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Wine battle: Tennessee grocers go after sales ... again

November 14th, 2013 8:01 am by Nathan Baker

Wine battle: Tennessee grocers go after sales ... again

Steve Smith and Jarron Springer. (Photos by Lee Talbert/Johnson City Press)


Grocery store owners and wine and liquor retailers are gearing up for another fight over a bill allowing supermarket wine sales, which should be at the forefront of discussions when the General Assembly reconvenes in January.



A bill to grant food stores the ability to sell wine has been introduced in some form for eight consecutive years in Nashville, but in the last two was changed to give local municipalities the right to hold public referendums on the subject.



Tennessee Grocers & Convenience Store Association President Jarron Springer and Steve Smith, president and CEO of K-VA-T, parent company of Food City, said Wednesday that their goal is to put an end to the state’s outdated alcohol laws and open the market up for more competition.



“Thirty-six states already allow wine to be sold in supermarkets, so it’s clearly a majority of the states in the country,” Smith said during a meeting with the Press’ editorial board. “Some of the reasons those states don’t have it is just that they, very similar to Tennessee, have antiquated laws that are very hard, because certain people have financial interests, I think is the best way to say it.”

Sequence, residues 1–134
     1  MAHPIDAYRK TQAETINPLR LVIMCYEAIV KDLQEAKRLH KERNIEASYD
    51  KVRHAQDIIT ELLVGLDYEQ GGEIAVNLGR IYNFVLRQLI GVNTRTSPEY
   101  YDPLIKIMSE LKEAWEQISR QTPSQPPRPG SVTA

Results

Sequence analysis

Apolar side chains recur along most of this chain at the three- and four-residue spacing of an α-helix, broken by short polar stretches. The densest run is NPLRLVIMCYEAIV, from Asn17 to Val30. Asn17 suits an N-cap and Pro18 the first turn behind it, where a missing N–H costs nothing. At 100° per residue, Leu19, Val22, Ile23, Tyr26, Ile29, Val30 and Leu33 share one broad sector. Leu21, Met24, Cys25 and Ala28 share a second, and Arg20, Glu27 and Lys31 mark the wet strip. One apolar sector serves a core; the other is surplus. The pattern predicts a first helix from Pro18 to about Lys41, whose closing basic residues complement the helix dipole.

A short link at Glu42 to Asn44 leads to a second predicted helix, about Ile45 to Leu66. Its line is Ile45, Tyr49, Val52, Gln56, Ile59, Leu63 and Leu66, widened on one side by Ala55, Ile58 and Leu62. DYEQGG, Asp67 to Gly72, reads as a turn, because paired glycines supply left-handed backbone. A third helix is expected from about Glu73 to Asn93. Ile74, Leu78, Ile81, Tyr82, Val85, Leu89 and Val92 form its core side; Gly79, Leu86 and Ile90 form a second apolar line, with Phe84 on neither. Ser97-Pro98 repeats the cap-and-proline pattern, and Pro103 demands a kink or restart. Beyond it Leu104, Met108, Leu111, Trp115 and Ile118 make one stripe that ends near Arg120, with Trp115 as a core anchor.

For years, wine and spirits wholesalers and their customers in the retail market have joined religious groups in opposition to any legislation allowing grocery stores to sell wine, saying expanded sales would put independent retailers out of business and increase cases of alcoholism and traffic deaths related to drunken driving.



Smith said studies have shown no relationship between new wine sales in grocery stores and increased alcohol abuse, and said healthy competition will produce a better market for consumers.



“I think it’s good any time you interject competition into a controlled environment, and let’s face it, while it’s not a pure monopoly, it is pretty tightly controlled, because there are a fixed number of licenses (for retail wine and liquor sales),” he said. “Whether folks knowingly or unknowingly get together on pricing right now, no one will ever know that, but I think the more opportunities that consumers have to make a choice, whether it’s price, variety, selection, they’ll win at the end of the day, because it’s competition that makes this country what it is.”



But Phil Scharfstein, owner of Johnson City’s One Stop Wines & Spirits and a member of the Tennessee Wine & Spirits Retail Association, said allowing wine in grocery stores will cost the state thousands of jobs from independent retailers. “The way it has been set for many decades is we only have a few products we can sell by law: high gravity beer, wine and spirits, that’s what we have been dealt to sell unlike the tens of thousands of items grocery stores can sell,” Scharfstein said. “We don’t really have the ability, the size or the capital to go up against the Krogers and the Food Citys. It’s just going to take revenue away from local businesses when they pull that.”



Smith said he and other grocers aren’t against allowing liquor stores to sell more products, including beer, but said alcohol retailer representatives have not cooperated during the drafting of the bill.